Video Transmission Over Lossy Wireless Networks: A Cross-Layer Perspective

Video content currently makes up nearly half of the “fixed” Internet traffic and more than a third of the mobile traffic in North America, with most other regions showing similar trends. As mobile data rates continue to increase and more people rely on 802.11 wireless for home and commercial Internet access, the amount of video transmitted over at least one wireless hop will likely continue to increase.

In addition, as cameras continue to become smaller and cheaper, the demand for video services in sensor and MANET networks will also increase. In this paper, we examine the state of the art of wireless video communication at each layer of the networking stack. We consider both existing and emerging technologies at each layer of the protocol stack as well as cross-layer designs, and discuss how these solutions can increase the video experience for the end user.

Enhancing Internet-Scale Video Service Deployment Using Microblog-Based Prediction

Online micro blogging has been very popular in today’s Internet, where users follow other people they are interested in and exchange information between themselves. Among these exchanges, video links are a representative type on a micro blogging site. The impact is fundamental-not only are viewers in a video service directly coming from the micro blog sharing and recommendation, but also are the users in the micro blogging site representing a promising sample to all the viewers. It is intriguing to study a proactive service deployment for such videos, using the propagation patterns of micro blogs.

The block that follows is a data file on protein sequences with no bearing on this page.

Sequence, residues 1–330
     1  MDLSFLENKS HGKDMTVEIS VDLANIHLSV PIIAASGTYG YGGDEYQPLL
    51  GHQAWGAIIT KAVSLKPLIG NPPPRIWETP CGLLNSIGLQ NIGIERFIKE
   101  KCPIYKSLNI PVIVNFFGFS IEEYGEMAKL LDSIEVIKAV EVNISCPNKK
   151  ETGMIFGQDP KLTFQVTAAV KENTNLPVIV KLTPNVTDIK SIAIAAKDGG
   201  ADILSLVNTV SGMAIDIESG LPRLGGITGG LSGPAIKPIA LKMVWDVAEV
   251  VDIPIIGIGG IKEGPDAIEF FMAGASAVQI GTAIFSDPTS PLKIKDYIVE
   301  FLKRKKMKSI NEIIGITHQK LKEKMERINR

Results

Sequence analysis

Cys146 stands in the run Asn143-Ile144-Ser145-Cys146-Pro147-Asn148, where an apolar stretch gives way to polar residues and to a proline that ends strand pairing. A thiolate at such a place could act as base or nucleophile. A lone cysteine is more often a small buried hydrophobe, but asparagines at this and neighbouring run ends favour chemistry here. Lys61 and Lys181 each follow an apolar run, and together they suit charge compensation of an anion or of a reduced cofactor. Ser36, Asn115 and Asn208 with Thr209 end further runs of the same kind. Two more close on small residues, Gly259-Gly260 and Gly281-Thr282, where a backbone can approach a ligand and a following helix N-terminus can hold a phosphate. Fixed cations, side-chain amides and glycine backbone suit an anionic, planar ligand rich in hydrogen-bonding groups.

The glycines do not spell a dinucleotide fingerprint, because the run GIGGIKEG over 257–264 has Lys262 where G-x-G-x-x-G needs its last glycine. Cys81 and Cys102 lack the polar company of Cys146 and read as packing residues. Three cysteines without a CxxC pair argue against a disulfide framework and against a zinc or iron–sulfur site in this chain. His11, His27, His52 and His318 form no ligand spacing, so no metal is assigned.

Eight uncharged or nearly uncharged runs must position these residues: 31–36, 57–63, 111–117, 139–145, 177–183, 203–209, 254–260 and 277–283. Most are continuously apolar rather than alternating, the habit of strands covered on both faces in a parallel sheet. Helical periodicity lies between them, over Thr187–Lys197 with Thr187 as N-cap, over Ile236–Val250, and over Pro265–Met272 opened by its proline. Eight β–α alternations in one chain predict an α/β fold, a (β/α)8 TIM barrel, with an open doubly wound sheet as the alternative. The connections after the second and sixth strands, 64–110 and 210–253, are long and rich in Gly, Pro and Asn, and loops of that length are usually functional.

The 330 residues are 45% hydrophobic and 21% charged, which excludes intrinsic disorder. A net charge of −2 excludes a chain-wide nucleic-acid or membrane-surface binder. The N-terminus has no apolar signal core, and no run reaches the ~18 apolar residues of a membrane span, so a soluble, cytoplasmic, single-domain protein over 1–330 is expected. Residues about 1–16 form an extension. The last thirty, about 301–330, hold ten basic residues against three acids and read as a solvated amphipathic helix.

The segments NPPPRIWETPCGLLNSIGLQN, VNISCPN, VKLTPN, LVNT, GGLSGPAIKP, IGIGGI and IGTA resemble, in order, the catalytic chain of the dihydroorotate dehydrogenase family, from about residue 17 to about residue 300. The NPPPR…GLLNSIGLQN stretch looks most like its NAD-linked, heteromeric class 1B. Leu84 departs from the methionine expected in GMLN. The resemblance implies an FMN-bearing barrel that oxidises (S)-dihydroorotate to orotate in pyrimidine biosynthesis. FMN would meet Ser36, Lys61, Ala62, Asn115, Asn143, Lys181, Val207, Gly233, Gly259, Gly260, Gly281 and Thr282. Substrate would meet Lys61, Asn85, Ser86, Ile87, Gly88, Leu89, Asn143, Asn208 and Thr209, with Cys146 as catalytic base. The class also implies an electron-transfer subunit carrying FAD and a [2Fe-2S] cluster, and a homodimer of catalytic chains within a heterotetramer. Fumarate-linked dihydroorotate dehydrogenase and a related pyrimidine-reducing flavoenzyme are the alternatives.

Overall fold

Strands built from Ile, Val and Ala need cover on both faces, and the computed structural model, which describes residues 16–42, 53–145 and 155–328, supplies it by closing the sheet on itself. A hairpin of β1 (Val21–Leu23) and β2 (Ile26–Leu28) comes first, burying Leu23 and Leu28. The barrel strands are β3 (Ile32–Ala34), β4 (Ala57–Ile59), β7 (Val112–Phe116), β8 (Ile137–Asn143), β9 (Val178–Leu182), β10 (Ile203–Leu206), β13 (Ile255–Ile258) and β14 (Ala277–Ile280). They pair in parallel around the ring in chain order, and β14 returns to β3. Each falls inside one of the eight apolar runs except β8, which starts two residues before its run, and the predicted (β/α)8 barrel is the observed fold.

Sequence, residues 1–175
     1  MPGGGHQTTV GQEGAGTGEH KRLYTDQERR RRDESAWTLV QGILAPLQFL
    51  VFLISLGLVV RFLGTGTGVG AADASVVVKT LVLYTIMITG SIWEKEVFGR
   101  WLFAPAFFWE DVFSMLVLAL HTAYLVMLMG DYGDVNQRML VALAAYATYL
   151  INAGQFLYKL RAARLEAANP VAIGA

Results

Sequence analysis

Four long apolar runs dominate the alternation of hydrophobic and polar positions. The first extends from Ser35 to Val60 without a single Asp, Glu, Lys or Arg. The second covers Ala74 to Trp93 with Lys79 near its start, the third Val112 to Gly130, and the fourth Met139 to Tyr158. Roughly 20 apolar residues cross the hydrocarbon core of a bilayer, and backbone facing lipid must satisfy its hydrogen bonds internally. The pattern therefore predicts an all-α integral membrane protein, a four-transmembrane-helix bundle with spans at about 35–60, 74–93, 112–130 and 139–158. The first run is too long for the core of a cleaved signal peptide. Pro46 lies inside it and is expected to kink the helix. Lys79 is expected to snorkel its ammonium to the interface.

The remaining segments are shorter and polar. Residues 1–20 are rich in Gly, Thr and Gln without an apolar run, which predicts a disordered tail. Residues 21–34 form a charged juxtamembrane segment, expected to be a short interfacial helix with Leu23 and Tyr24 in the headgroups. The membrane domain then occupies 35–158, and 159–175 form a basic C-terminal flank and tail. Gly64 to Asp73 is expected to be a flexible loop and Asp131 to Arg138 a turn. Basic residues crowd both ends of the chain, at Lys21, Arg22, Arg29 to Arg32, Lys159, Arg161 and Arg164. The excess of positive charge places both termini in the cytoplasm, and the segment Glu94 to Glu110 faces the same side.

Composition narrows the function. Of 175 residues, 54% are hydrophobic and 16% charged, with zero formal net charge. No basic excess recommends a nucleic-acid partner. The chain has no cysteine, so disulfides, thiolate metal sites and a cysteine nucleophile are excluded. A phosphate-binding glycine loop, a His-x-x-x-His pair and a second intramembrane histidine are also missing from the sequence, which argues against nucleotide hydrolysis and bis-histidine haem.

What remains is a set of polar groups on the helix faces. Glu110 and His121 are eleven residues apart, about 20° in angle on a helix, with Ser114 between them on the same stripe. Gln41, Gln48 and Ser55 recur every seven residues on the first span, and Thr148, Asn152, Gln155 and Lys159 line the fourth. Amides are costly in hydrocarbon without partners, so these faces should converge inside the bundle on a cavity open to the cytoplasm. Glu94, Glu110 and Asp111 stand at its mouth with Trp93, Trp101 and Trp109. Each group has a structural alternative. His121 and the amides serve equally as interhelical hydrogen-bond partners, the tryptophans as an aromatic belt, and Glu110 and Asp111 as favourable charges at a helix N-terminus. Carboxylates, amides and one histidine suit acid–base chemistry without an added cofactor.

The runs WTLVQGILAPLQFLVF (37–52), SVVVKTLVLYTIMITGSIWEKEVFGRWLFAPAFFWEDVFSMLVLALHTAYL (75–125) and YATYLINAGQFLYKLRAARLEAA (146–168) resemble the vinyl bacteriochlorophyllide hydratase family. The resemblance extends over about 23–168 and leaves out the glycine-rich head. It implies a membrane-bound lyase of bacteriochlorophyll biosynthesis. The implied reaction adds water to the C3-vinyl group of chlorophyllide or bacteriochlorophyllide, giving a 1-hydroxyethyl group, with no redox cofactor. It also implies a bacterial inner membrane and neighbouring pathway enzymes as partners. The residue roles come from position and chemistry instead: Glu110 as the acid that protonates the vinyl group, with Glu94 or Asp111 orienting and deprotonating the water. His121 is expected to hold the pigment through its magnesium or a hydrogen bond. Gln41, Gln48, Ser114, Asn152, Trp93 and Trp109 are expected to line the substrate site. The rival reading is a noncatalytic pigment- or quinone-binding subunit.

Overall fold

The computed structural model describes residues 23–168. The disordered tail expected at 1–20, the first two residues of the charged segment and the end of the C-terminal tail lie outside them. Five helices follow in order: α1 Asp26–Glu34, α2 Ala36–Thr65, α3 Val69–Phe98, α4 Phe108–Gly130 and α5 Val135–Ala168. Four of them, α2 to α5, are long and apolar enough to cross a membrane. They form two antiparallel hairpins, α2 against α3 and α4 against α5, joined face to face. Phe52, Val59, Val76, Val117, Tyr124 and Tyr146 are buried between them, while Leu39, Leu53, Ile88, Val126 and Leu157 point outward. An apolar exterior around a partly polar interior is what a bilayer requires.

Based on extensive traces from Youku and Tencent Weibo, a popular video sharing site and a favored micro blogging system, we explore how video propagation patterns in the micro blogging system are correlated with video popularity on the video sharing site. Using influential factors summarized from the measurement studies, we further design a neural network-based learning framework to predict the number of potential viewers and their geographic distribution. We then design proactive video deployment algorithms based on the prediction framework, which not only determines the upload capacities of servers in different regions, but also strategically replicates videos to these regions to serve users. Our Planet Lab-based experiments verify the effectiveness of our design.

Placing Virtual Machines to Optimize Cloud Gaming Experience

Optimizing cloud gaming experience is no easy task due to the complex trade-off between gamer quality of experience (QoE) and provider net profit. We tackle the challenge and study an optimization problem to maximize the cloud gaming provider’s total profit while achieving just-good-enough QoE. We conduct measurement studies to derive the QoE and performance models. We formulate and optimally solve the problem. The optimization problem has exponential running time, and we develop an efficient heuristic algorithm. We also present an alternative formulation and algorithms for closed cloud gaming services with dedicated infrastructures, where the profit is not a concern and overall gaming QoE needs to be maximized.